Prime Minister Kevin Rudd has announced a plan to shred the rules of the ALP that allowed factions in the federal parliamentary party to turf both him and Julia Gillard out of office before they could finish a term in government.
He’s just announced a plan to have the leader of the parliamentary party elected on a combination of 50 per cent of the vote from grassroots members and 50 per cent from the caucus.
Currently, Labor’s federal MPs have absolute say over the leader, and therefore who is prime minister when the party is in government. In 2010 Rudd was removed from office by MPs who were growing increasingly worried by sliding poll numbers and replaced by Gillard. Last month, she received the same treatment for the same reasons.
A version of the proposals can be found here.
“When you become prime minister of the country people expect that you will remain in that position,” Rudd said in Canberra this evening.
The PM said the changes would make sure “that power will never again rest in the hands of the factional few”, a reference to the powerbrokers who control voting blocs in the federal parliamentary party.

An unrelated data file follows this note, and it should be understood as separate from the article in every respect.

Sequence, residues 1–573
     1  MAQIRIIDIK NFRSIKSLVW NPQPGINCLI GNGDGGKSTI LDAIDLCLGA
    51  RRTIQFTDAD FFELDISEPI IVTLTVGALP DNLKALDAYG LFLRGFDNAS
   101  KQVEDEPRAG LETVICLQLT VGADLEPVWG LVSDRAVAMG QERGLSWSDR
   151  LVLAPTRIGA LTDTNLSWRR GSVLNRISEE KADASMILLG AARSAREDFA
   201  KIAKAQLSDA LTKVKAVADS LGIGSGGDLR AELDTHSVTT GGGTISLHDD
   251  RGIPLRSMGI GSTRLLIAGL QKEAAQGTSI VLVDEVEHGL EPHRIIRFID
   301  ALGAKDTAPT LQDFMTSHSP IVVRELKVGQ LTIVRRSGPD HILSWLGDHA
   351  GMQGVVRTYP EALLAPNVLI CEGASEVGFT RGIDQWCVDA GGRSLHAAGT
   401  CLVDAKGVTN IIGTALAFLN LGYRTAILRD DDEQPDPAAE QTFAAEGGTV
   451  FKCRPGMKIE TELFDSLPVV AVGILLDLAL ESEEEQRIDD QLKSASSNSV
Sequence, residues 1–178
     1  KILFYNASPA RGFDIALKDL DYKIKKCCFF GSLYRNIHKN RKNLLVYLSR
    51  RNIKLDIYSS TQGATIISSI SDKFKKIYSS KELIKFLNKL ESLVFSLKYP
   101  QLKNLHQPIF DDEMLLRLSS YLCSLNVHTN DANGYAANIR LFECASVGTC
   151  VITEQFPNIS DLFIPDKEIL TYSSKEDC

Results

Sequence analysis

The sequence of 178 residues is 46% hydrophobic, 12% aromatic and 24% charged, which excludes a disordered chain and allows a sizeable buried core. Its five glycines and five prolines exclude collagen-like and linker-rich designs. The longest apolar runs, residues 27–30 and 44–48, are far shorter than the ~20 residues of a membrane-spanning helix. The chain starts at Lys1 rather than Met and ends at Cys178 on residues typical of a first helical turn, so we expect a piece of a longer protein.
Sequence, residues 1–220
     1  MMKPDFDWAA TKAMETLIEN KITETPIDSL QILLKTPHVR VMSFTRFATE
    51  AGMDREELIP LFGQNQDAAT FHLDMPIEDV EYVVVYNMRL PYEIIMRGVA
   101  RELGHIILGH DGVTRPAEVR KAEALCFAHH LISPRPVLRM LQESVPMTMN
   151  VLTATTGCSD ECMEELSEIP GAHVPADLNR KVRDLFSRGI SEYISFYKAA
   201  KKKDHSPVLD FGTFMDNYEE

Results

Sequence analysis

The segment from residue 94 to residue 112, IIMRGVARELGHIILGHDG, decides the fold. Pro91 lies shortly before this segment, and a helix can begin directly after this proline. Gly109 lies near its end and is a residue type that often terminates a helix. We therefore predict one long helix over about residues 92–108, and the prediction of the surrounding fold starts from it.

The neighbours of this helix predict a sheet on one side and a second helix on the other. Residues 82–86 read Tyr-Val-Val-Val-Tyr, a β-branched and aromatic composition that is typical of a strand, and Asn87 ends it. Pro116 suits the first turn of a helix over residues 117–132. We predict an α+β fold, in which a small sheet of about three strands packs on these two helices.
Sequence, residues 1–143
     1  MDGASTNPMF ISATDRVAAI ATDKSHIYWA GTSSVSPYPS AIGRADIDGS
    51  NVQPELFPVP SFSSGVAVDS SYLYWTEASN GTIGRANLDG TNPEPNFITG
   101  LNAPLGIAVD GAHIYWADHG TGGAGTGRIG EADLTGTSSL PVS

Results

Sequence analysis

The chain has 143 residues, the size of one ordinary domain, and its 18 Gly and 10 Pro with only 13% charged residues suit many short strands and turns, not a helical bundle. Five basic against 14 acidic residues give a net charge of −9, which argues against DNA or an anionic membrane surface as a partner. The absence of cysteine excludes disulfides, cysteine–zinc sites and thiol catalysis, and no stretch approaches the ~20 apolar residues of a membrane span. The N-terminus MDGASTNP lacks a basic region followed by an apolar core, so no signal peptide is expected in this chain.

It’s a dramatic intervention, with Rudd using his current political capital after being restored to the leadership to try and bulldoze the factional leaders in the parliamentary party. He is positioning it as a much needed reform to rebuild trust with voters but it will be perceived by many as a brutal act of vengeance on the factional leaders.
One of the rules proposed is that if a leader wins an election, that person will serve out the full term of government as leader – ruling out future assassinations of sitting prime ministers by the caucus.
Whether it’s seen by the electorate as evidence of the party’s underlying dysfunction — or a sign that Rudd is taking the party in the right direction — remains to be seen.
The reforms will be discussed at a special meeting of Labor MPs later this month.
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